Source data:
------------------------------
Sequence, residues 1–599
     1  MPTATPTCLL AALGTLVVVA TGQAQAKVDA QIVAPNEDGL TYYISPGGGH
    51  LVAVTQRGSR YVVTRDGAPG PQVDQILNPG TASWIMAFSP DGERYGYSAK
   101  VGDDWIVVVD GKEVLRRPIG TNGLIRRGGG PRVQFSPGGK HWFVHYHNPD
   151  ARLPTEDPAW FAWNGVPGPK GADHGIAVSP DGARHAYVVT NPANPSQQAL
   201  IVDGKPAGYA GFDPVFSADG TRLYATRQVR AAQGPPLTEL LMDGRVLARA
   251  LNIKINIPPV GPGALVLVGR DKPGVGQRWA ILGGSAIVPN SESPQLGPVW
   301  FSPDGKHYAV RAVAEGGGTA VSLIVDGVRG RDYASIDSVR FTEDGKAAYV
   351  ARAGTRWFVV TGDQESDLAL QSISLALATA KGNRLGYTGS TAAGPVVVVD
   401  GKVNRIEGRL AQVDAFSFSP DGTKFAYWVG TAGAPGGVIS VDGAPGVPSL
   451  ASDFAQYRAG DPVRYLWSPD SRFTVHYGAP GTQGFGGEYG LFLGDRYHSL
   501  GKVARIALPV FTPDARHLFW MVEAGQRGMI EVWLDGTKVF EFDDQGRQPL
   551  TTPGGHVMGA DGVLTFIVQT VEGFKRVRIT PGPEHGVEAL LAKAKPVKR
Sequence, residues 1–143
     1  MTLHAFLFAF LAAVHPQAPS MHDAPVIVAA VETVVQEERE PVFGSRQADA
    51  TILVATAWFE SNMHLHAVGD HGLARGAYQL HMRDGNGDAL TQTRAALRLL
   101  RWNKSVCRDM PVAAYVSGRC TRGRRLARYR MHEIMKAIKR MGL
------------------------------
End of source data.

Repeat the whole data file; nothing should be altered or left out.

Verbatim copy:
Sequence, residues 1–599
     1  MPTATPTCLL AALGTLVVVA TGQAQAKVDA QIVAPNEDGL TYYISPGGGH
    51  LVAVTQRGSR YVVTRDGAPG PQVDQILNPG TASWIMAFSP DGERYGYSAK
   101  VGDDWIVVVD GKEVLRRPIG TNGLIRRGGG PRVQFSPGGK HWFVHYHNPD
   151  ARLPTEDPAW FAWNGVPGPK GADHGIAVSP DGARHAYVVT NPANPSQQAL
   201  IVDGKPAGYA GFDPVFSADG TRLYATRQVR AAQGPPLTEL LMDGRVLARA
   251  LNIKINIPPV GPGALVLVGR DKPGVGQRWA ILGGSAIVPN SESPQLGPVW
   301  FSPDGKHYAV RAVAEGGGTA VSLIVDGVRG RDYASIDSVR FTEDGKAAYV
   351  ARAGTRWFVV TGDQESDLAL QSISLALATA KGNRLGYTGS TAAGPVVVVD
   401  GKVNRIEGRL AQVDAFSFSP DGTKFAYWVG TAGAPGGVIS VDGAPGVPSL
   451  ASDFAQYRAG DPVRYLWSPD SRFTVHYGAP GTQGFGGEYG LFLGDRYHSL
   501  GKVARIALPV FTPDARHLFW MVEAGQRGMI EVWLDGTKVF EFDDQGRQPL
   551  TTPGGHVMGA DGVLTFIVQT VEGFKRVRIT PGPEHGVEAL LAKAKPVKR
Sequence, residues 1–143
     1  MTLHAFLFAF LAAVHPQAPS MHDAPVIVAA VETVVQEERE PVFGSRQADA
    51  TILVATAWFE SNMHLHAVGD HGLARGAYQL HMRDGNGDAL TQTRAALRLL
   101  RWNKSVCRDM PVAAYVSGRC TRGRRLARYR MHEIMKAIKR MGL